Danish oral tradition as early as 1200 A.D. has the story of a prince who murders his brother the king, marries the king’s widow only to be challenged by the king’s son. The first printed record of the story was in 1514, and an English drama was written around 1590. Shakespeare adopted the story around 1600 and set the story in Elsinore, the name he gave to a famous Danish castle, Kronborg. In modern times, Richard Burton, Lawrence Oliver, Christopher Plummer, Kenneth Branagh, Jude Law and others have played Hamlet at Kronborg.
The castle is at Helsinger, about a fifty-minute train ride north of Copenhagen. At this point there is a narrow “hook” in the peninsula separating the North Sea from the Baltic Sea. Helsinger, Denmark is only about four kilometers from Helisingborg, Sweden, an excellent point for a fort to control trade.
Around 1425, Eric of Pomerania recognized the strategic value of this point and built a walled fort “Krogen” which means hook. Buildings were added inside the wall in 1450, towers in 1500 and finally the present structure was built by Frederick II between 1574 and 1585. He called it Kronborg.
But construction continued when Fred II added rooms along one wall for his wife Sophie so that she didn’t have to walk three sides of the square to get to the ballroom.
A great fire destroyed the place in 1629; it was rebuilt by Fred’s son, the great King Christian IV. It was then captured in 1658 by the Swedes who took many of its possessions. They, however, left a painting showing the subjugation of Sweden by an early Danish queen.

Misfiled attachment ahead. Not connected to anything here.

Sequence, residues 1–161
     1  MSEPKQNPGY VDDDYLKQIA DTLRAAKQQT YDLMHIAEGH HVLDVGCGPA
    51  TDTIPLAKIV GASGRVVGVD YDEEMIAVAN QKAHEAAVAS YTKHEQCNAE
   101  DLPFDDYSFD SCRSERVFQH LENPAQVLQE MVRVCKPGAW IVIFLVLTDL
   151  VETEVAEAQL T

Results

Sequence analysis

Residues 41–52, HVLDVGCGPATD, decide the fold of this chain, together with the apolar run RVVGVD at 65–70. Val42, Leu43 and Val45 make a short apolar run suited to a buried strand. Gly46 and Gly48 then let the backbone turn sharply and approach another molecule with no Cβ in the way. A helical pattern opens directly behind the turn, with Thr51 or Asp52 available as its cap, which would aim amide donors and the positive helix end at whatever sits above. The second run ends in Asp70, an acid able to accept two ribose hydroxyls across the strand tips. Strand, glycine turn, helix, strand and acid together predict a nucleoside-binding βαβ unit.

After the castle was retaken from the Swedes, an exterior fort called the “crownwork” was built around the castle complete with moat. This expansion continued right up until the 1800s, but King Frederick V gave it up as a residence, and it was used as a military barracks from 1785 to 1924. The outermost cannon date from 1820. After fire, bombardment and reconstruction, only the foundations and chapel remain from the earliest structures.
Helsinger, the town, gradually grew up during these 17th, 18th, and 19th century periods of construction.
For the most part, all this construction was financed by taxes on ships passing through the strait. Although it became international waters when Sweden and Denmark separated, the Danes kept on collecting taxes until 1857 when an
American ship refused to pay. Other nations’ ships soon agreed.
Restored and opened to the public in 1938, signs encourage one to see many key points including “the heavy dude in the basement.” Cannons at the “Flag Bastion” facing Sweden date from the 1760s and are still fired on special occasions. Twelve batteries of cannon were added in the 1800s to control the sea passage.
When it was built, the Ballroom was the largest in Northern Europe and perhaps was one of the points of fame that recommended the place to Shakespeare.
The Chapel has elaborately carved fixtures and pews from its consecration in 1582, Fortunately, they survived the 1629 fire.
After touring the chapel and royal apartments with a guide and on our own, we descended into the dark gloomy casements under the castle which were used to house and provision soldiers during times of siege. Fortunately, another tourist pulled out the light on his cell phone to make our passage a little easier.
The “heavy dude in the basement” is a statue of the legendary Danish
hero, Holger the Dane. He now sits at rest ready to rise into action if the Kingdom of Denmark is threatened by an enemy. It was the real King of Denmark, however, who provided courageous and public support to his people during the Nazi occupation.
We visited on a Sunday and walked the quiet pedestrian-friendly streets of Helsinger before catching one of the frequent trains back to Copenhagen.